I am humbled and excited to announce the name of my company: GRAMMAR. Grammar is a set of rules that define language. Rules that can then be used to create all different forms of written work, from scientific papers to poetry. The clothes I make are simple and classic, but with a feel and a flare that makes them special; how you wear them makes them yours. Wear GRAMMAR your way and make your art.
The GRAMMAR logo (see header image) also reflects the concept of classic plus something extra. I created it with the help of my friend Celine, a very talented graphic designer. We started with a very old, classic Linotype typeface and modified it. The process was one of very small tweaks – some barely perceptible – that help to communicate what GRAMMAR is all about. From the beginning, I loved the contrasting line weights and the rhythm of the A’s and M’s. I was mostly concerned about the G because – as Celine pointed out – the rest of the word is symmetrical, so the viewer’s eye naturally gravitates to the G. Once we started working with the sharp corner on the G, we wanted to integrate it into the curves of the R’s as well.
Just a few of the iterations of the GRAMMAR logo. Copyright Althea Simons, 2017.
I have started working with a new factory for development, and it’s going much better (no more major snafus!). The team there is very talented and the process is much more collaborative. I have a new sample of the women’s shirt that I am wear testing – meaning I’m wearing it all the time to see how the design and fabric holds up. When I washed it for the first time the fabric shrank significantly. This can be factored into the pattern, or the fabric can be pre-washed before cutting. However, the fabric I used for the sample is now backordered until March, so I am looking for other alternatives. I need the vendor I use to be extremely reliable; the backorder is not a good sign.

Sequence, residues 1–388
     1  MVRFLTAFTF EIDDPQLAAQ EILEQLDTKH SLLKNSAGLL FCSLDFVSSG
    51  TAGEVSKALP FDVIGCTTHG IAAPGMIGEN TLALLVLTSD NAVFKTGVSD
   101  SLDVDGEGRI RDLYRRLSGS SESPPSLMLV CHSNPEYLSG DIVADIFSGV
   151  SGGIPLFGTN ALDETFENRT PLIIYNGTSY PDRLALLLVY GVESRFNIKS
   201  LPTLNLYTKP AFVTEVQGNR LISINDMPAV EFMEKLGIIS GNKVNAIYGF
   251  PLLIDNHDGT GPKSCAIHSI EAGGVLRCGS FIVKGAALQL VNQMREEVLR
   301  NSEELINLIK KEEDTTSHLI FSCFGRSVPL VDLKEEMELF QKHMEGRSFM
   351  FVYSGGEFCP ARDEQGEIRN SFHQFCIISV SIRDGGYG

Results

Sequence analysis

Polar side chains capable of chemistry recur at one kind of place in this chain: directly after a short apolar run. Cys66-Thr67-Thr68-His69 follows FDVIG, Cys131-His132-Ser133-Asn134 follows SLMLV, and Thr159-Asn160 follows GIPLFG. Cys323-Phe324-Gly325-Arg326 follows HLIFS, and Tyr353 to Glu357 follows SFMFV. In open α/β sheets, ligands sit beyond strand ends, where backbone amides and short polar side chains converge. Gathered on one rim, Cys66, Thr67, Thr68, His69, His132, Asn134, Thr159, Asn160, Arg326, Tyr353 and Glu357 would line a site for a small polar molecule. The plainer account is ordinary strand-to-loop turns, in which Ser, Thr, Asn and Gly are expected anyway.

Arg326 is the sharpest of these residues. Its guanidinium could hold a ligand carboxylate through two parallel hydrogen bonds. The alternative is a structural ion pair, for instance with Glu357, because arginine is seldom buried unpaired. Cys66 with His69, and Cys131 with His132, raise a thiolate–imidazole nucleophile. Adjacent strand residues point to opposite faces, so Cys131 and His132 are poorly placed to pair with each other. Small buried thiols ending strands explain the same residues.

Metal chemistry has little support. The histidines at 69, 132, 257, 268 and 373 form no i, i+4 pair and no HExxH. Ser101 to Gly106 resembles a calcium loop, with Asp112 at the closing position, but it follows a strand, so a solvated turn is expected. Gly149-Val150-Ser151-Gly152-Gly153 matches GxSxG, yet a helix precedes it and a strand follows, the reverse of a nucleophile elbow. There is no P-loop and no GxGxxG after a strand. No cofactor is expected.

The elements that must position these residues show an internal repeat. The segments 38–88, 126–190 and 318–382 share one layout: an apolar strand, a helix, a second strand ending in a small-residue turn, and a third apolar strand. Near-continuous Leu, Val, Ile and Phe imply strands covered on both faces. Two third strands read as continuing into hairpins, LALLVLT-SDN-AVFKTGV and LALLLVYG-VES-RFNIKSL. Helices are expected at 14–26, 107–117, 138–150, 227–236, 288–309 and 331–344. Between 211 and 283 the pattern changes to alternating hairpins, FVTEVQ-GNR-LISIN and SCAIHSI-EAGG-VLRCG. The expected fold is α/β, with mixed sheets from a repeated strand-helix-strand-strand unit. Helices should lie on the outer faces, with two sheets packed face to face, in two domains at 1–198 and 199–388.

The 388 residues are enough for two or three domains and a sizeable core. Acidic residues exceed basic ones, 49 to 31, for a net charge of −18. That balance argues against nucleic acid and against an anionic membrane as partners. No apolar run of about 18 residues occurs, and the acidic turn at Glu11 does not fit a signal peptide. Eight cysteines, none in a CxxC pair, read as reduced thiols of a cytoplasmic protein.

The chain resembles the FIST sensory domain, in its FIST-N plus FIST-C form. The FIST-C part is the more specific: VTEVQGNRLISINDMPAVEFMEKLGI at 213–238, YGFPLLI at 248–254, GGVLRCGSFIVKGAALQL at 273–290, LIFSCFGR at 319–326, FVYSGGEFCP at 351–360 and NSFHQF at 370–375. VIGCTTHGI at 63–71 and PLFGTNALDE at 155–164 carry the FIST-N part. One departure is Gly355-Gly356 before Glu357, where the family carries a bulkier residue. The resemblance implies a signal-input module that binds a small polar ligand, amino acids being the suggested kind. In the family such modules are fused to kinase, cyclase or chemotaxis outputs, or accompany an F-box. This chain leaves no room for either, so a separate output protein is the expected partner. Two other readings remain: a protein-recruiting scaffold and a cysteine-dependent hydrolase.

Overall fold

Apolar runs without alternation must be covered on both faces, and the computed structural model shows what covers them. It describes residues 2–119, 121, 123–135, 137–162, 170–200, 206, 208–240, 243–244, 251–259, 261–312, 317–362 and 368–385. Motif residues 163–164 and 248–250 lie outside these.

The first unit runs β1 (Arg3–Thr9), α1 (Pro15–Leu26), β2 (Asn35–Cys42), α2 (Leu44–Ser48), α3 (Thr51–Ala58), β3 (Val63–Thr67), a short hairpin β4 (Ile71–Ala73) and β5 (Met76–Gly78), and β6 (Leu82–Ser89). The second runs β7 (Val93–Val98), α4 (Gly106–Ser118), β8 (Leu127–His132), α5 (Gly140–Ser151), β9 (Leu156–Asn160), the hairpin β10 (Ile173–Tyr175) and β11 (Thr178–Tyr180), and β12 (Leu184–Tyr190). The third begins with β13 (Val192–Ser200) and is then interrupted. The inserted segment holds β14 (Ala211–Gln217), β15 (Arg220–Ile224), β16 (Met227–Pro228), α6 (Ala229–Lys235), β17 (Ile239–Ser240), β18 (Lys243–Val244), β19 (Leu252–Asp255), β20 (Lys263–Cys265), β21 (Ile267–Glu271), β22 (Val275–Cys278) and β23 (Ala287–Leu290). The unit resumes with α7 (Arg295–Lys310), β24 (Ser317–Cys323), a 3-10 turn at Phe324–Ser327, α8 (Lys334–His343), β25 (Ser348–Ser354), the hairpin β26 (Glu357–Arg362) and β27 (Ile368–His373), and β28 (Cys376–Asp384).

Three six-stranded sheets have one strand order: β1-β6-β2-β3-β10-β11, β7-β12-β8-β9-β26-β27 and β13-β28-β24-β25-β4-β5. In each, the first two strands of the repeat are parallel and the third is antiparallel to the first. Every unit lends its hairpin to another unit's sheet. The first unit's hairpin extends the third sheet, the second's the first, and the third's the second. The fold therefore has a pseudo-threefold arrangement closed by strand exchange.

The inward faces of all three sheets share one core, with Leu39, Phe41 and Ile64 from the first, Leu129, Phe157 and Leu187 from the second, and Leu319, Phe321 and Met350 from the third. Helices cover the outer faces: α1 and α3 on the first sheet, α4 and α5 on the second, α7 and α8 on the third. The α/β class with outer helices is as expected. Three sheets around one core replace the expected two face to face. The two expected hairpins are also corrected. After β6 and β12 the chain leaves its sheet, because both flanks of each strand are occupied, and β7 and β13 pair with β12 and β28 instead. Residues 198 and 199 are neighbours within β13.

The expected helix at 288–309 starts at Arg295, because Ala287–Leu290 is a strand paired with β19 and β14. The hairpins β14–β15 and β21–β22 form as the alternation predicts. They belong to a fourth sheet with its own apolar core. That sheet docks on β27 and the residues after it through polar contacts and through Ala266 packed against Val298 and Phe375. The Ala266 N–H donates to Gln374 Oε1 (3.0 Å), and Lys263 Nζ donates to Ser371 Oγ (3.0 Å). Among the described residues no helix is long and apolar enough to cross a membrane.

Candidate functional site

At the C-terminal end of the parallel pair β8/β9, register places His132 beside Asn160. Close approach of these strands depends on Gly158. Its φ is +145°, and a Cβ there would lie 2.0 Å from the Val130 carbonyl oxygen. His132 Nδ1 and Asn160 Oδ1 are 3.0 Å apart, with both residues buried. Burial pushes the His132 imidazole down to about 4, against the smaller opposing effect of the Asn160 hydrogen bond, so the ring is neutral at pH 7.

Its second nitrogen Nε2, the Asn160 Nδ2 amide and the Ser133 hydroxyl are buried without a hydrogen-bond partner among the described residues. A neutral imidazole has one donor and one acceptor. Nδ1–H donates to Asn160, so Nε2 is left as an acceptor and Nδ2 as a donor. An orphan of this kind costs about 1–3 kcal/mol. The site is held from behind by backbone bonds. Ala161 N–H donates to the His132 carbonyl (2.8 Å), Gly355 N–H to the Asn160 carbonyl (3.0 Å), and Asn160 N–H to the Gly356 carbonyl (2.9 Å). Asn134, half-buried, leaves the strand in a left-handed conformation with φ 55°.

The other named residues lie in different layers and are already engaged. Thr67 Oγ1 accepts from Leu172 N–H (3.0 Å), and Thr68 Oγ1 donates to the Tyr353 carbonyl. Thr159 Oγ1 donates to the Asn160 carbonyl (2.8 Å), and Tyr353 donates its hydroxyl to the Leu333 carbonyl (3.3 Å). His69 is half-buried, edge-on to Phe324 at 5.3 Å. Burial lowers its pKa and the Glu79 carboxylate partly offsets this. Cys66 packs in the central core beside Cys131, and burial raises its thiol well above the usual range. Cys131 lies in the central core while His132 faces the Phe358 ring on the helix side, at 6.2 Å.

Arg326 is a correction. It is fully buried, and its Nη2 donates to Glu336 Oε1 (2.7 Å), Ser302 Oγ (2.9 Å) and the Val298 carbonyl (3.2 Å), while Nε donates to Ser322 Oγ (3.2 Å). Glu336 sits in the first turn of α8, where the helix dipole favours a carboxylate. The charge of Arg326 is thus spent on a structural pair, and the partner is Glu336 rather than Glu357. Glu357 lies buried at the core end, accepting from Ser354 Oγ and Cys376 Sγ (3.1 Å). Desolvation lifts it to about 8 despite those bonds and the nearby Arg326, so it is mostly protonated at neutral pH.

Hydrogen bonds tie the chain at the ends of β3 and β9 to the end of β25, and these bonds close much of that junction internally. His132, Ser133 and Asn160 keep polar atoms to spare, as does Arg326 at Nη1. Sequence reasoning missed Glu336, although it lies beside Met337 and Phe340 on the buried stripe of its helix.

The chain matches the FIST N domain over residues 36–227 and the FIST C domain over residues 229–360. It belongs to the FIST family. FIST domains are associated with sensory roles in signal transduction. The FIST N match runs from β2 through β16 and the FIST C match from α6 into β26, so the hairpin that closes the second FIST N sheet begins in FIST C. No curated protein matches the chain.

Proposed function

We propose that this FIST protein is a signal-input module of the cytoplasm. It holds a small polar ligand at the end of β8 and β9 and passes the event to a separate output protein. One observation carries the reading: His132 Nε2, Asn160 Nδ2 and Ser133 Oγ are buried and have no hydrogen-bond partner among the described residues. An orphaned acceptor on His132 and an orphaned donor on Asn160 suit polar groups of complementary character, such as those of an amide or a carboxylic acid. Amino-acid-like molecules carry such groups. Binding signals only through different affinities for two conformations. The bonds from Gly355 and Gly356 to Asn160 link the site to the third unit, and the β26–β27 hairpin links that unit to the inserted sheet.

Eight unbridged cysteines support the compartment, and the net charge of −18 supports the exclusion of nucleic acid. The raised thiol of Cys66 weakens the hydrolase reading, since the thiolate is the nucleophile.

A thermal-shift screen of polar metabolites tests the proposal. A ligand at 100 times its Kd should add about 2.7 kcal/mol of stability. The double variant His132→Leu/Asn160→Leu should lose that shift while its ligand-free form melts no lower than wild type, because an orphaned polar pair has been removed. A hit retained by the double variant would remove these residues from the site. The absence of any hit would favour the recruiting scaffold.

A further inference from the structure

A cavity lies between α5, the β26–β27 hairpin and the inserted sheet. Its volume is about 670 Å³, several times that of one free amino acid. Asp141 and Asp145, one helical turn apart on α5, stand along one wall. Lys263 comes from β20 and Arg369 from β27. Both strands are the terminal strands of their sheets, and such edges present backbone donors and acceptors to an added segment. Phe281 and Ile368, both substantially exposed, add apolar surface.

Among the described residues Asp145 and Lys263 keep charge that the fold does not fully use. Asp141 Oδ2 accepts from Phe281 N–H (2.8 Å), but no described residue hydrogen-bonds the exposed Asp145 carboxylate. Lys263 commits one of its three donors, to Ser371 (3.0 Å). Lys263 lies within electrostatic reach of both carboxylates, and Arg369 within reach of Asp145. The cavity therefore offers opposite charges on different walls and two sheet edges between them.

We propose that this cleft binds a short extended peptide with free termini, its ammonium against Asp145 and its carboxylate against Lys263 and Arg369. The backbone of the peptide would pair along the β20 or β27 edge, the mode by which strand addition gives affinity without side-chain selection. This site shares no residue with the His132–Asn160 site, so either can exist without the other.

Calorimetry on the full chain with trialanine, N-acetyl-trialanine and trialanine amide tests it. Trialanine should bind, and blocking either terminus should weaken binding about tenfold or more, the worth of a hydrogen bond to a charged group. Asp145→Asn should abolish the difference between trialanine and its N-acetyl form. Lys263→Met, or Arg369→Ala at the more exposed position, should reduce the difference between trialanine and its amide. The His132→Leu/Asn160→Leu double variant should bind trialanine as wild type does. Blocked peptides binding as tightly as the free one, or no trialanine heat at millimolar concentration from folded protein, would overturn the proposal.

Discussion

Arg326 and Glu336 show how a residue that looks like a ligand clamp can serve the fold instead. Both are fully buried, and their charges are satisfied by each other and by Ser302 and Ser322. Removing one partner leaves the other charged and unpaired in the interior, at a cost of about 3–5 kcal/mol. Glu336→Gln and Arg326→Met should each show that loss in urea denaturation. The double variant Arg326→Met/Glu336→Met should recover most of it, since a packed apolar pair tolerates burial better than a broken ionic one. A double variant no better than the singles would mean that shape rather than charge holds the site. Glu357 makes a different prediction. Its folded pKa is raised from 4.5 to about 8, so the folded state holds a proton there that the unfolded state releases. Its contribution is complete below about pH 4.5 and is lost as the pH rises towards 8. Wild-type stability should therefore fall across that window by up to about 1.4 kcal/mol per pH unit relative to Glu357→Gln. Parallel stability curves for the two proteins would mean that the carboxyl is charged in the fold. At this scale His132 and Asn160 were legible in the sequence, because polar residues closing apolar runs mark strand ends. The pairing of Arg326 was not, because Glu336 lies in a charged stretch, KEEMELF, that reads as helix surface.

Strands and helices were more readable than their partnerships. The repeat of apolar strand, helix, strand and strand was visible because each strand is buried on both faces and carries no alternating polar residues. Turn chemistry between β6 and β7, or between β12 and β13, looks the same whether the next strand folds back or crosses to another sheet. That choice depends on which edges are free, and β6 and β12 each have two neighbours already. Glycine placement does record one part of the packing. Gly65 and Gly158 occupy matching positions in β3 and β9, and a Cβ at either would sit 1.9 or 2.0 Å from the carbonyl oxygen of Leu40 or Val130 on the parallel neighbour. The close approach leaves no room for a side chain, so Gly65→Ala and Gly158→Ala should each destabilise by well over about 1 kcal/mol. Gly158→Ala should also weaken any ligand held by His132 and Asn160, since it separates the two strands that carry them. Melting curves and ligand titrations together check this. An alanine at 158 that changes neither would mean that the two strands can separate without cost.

Fitting a sample at the factory.
I continue to have difficulty sourcing the right fabric. I have decided it will be organic, because I believe it is important to minimize the amount of chemicals used in production, both for the environment and for your health. We don’t know the effects of having toxic chemicals[i][ii][iii] directly against your skin, but in my mind it’s better to not risk it. And we definitely know how the chemicals used in fabric production affect our water and food supply. I believe in the future everyone who can afford it will demand organic clothing, but for now organic, high-quality woven fabrics are very difficult to find. Not many mills produce them because of lack of demand.
Is it extravagant to say that clothing is about health and wellness? In addition to physical health, clothes are about holistic wellbeing. Recent studies have shown that what we wear affects how we feel about ourselves, and thus our performance. This shouldn’t be surprising; research shows that our postureshapes our behavior, and we know intuitively that sweatpants make us slouch and that when we wear a suit we sit up straight. Dressing well can actually change your life.
My goal with GRAMMAR is to make peoples’ lives better and easier. I am creating a destination for the essentials of life, pieces that make you feel confident and productive. I am taking care of you and our world by using the best natural fabrics and employing skilled artisans in our community. This is my oath and practice, and my gift to you.
[i] Grossman, Elizabeth. "Cotton, Cashmere, Chemicals ... What Really Goes into Making Our Clothes?" Ensia. Ensia, 19 June 2015. Web. 01 Feb. 2017. <https://ensia.com/features/chemicals-clothes/ >.
[ii] Agency, Swedish Chemicals. "Chemicals in Textiles – Risks to Human Health and the Environment." p.42. Kemi. Swedish Chemicals Agency, 1 Jan. 2014. Web. 1 Feb. 2017. <https://www.kemi.se/files/8040fb7a4f2547b7bad522c399c0b649/report6-14-chemicals-in-textiles.pdf>.
[iii] "Detox My Fashion." Greenpeace International. Web. 01 Feb. 2017. <http://www.greenpeace.org/international/en/campaigns/detox/fashion/>.